Can I sue hospital/doctor after 2yrs of initial malpractice if issue was discovered later?

UPDATED: Sep 30, 2022

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Can I sue hospital/doctor after 2yrs of initial malpractice if issue was discovered later?

I had a cesarean in ’14’ I remained
hospitalized for additional week
because I had an infection under the
cesarean line. Over the years I have
developed a very large keloid that is
getting surgically removed next month
because it’s continues to grow. Can I
still sue the hospital since they
apparently used unclean utensils to do
the cesarean?

Asked on February 16, 2017 under Malpractice Law, Illinois


SJZ, Member, New York Bar / FreeAdvice Contributing Attorney

Answered 5 years ago | Contributor

The statute of limitations (or time within which you must start a lawsuit) in your state for medical malpractice is 2 years from when you did or *should* have discovered the injury (and never more than 4 years from the date of the procedure: there is a hard-limit of 4 years). If you knew you had an infection right after the procedure, it may well be that a court would consider that you should have known of the possibility of malpractice then; therefore, once two years have passed from when you discovered the infection, it would likely be too late to sue.
In addition, it's not enough to say that they "apparently" used unclean utensils: to win a case, you need proof or evidence (1) of the malpractice, or careless medical procedures; and (2) that the malpractice caused the condition. Without such evidence, there would be no point in suing, since hypotheses or suppositions, even if logical, will not win a lawsuit; only evidence or proof does.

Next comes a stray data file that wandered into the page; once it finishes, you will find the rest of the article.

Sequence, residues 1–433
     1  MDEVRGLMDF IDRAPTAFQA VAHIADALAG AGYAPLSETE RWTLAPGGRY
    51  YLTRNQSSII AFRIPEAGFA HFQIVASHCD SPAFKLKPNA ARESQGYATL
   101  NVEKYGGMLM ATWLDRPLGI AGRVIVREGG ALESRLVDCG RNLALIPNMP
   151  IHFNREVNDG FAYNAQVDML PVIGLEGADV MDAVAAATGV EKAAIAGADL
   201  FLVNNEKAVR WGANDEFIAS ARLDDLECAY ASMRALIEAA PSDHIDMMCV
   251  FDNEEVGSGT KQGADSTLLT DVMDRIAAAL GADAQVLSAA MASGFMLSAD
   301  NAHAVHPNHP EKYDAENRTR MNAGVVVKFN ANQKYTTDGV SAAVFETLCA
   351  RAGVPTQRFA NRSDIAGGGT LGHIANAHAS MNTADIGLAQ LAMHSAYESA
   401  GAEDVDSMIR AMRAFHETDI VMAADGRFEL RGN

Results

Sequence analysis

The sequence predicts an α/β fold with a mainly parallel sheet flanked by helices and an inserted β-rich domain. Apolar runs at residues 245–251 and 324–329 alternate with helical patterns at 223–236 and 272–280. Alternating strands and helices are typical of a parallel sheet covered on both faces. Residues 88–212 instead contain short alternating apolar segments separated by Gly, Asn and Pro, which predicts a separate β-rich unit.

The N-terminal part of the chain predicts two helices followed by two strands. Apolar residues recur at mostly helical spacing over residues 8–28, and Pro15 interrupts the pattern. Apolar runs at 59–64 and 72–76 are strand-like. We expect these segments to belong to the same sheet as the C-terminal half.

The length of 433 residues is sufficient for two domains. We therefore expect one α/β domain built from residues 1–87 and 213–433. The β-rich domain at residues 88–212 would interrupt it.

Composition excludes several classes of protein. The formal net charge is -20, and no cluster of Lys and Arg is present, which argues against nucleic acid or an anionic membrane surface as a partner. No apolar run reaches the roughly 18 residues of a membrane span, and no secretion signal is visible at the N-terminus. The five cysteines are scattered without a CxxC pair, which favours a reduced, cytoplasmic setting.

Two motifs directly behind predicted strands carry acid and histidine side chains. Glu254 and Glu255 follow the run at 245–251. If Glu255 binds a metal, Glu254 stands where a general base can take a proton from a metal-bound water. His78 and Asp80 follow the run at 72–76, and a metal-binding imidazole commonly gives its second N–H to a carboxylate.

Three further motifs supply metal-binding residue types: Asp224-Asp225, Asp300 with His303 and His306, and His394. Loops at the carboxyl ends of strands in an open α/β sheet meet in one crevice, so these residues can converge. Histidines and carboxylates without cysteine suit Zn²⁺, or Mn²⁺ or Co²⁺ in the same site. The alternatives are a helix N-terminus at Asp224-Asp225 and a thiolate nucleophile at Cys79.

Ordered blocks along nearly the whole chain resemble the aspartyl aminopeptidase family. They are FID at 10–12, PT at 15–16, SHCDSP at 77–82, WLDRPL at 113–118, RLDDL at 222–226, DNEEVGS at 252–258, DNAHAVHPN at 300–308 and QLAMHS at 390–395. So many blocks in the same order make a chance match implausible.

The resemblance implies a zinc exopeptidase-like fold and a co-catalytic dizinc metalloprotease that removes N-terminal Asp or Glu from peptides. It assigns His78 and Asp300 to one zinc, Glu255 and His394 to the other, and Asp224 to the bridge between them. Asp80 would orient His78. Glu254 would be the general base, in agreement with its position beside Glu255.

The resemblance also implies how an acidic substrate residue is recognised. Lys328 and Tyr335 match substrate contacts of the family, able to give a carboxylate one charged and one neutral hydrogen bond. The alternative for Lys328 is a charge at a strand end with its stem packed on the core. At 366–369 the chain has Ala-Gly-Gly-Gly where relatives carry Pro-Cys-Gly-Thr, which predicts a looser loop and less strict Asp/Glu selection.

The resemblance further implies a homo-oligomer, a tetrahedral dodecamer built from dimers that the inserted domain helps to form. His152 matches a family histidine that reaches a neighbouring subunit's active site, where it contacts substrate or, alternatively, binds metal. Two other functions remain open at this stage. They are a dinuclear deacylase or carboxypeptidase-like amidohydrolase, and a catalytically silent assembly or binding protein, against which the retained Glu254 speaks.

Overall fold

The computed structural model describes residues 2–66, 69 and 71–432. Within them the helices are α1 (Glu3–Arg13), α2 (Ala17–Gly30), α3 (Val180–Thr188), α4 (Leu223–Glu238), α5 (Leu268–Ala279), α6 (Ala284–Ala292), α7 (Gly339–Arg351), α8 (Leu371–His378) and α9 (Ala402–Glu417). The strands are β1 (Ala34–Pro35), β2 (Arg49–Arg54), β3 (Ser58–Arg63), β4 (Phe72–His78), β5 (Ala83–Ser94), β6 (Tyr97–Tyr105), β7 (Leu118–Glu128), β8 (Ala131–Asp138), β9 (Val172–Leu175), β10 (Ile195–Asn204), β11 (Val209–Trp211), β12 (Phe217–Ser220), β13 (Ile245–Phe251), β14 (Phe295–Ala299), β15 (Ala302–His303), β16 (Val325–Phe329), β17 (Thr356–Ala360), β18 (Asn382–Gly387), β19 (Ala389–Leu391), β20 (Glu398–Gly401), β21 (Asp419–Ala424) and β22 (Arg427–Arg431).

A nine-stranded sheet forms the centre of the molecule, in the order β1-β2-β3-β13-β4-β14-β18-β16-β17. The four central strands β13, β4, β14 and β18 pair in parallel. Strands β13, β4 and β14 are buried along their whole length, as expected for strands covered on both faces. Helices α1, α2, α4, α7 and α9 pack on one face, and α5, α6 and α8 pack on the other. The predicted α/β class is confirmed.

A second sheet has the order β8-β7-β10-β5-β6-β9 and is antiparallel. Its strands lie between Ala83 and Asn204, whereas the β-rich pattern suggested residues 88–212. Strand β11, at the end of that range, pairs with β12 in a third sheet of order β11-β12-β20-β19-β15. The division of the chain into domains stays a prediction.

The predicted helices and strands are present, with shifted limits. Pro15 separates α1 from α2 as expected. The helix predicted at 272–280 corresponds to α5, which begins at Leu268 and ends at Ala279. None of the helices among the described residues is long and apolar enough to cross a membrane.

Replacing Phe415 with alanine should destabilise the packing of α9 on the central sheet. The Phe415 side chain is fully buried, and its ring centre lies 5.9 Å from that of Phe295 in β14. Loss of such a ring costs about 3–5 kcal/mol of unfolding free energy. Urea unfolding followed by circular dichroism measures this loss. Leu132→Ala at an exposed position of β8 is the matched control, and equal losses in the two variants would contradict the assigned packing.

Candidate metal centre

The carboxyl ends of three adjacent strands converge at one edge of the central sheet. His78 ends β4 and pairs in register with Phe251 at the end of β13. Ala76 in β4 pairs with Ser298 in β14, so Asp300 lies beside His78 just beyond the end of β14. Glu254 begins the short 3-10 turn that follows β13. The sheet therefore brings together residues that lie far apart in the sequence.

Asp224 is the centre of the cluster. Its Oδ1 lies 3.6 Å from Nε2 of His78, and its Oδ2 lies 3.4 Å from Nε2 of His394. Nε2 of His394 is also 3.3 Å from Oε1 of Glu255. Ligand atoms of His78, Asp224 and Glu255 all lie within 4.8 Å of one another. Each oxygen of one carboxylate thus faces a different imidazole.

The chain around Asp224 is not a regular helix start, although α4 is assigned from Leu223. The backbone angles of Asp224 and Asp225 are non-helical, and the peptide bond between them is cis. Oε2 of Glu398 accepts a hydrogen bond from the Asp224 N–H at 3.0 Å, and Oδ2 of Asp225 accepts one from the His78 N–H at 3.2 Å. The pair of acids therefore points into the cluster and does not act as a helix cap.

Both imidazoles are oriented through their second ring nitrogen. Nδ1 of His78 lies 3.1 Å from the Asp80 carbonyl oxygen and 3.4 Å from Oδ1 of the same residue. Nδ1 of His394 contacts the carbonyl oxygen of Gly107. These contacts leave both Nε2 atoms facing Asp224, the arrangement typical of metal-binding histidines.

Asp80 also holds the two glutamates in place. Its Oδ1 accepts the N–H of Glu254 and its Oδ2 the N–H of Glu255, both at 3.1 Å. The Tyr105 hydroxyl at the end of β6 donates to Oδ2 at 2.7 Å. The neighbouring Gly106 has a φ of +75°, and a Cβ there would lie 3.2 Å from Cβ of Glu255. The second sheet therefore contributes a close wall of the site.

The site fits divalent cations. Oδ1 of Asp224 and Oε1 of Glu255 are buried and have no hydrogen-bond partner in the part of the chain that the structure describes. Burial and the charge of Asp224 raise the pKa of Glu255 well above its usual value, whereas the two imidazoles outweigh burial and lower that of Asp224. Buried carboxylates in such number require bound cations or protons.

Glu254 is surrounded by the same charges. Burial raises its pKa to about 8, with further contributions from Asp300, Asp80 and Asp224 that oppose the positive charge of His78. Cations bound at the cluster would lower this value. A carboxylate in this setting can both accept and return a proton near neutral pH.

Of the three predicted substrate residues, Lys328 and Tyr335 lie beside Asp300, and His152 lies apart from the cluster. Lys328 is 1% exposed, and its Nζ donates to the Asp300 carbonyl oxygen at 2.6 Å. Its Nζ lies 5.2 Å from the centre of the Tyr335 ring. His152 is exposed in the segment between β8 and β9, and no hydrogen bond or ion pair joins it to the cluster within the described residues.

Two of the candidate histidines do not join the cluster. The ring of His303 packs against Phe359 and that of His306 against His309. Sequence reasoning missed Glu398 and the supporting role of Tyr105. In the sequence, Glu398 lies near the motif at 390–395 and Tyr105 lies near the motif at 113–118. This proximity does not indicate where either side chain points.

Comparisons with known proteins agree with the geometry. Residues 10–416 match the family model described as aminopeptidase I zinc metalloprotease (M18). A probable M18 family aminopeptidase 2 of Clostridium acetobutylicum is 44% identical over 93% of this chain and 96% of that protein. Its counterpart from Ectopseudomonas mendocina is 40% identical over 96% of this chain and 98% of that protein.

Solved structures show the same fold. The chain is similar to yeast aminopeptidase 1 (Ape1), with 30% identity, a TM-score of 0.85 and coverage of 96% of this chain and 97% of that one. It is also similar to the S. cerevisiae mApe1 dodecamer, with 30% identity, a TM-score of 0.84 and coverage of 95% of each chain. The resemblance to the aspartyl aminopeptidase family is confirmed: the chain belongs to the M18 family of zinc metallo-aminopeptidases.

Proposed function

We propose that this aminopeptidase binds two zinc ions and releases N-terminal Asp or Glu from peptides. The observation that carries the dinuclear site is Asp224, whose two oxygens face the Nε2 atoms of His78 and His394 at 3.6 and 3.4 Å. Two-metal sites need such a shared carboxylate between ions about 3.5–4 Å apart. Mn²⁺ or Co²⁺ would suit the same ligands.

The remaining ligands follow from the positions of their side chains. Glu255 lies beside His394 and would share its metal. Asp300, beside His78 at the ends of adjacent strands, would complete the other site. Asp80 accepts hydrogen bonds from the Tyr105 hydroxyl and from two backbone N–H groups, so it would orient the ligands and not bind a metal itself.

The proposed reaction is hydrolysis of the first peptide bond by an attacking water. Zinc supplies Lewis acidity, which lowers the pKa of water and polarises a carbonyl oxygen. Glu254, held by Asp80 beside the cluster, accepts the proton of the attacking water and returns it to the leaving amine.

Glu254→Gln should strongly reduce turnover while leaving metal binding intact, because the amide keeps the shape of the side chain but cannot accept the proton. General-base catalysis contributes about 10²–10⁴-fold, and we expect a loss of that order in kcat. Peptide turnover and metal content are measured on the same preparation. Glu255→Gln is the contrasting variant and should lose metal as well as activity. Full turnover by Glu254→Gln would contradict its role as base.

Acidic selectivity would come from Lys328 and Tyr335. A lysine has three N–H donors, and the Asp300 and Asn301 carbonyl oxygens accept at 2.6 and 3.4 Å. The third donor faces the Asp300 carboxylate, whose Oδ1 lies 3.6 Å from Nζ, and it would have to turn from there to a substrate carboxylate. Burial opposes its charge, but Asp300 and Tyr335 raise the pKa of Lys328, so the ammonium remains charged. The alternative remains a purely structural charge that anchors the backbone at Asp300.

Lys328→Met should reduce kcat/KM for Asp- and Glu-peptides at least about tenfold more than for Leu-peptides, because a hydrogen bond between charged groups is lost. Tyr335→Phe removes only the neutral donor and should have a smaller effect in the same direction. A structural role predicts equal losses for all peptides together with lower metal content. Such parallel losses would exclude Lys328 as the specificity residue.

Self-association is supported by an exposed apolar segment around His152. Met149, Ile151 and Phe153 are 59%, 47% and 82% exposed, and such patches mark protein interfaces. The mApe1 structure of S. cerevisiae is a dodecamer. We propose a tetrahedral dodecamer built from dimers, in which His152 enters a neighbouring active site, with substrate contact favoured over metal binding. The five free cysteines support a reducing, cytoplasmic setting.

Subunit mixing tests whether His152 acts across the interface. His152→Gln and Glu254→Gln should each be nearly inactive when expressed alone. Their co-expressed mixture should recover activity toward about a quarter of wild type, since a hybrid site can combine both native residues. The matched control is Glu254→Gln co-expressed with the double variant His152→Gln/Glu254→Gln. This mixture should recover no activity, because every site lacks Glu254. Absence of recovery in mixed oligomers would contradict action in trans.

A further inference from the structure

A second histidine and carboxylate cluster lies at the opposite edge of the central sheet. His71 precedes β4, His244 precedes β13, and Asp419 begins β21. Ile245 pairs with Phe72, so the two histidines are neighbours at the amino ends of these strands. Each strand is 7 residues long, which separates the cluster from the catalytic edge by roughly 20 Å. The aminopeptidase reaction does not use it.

IMPORTANT NOTICE: The Answer(s) provided above are for general information only. The attorney providing the answer was not serving as the attorney for the person submitting the question or in any attorney-client relationship with such person. Laws may vary from state to state, and sometimes change. Tiny variations in the facts, or a fact not set forth in a question, often can change a legal outcome or an attorney's conclusion. Although has verified the attorney was admitted to practice law in at least one jurisdiction, he or she may not be authorized to practice law in the jurisdiction referred to in the question, nor is he or she necessarily experienced in the area of the law involved. Unlike the information in the Answer(s) above, upon which you should NOT rely, for personal advice you can rely upon we suggest you retain an attorney to represent you.

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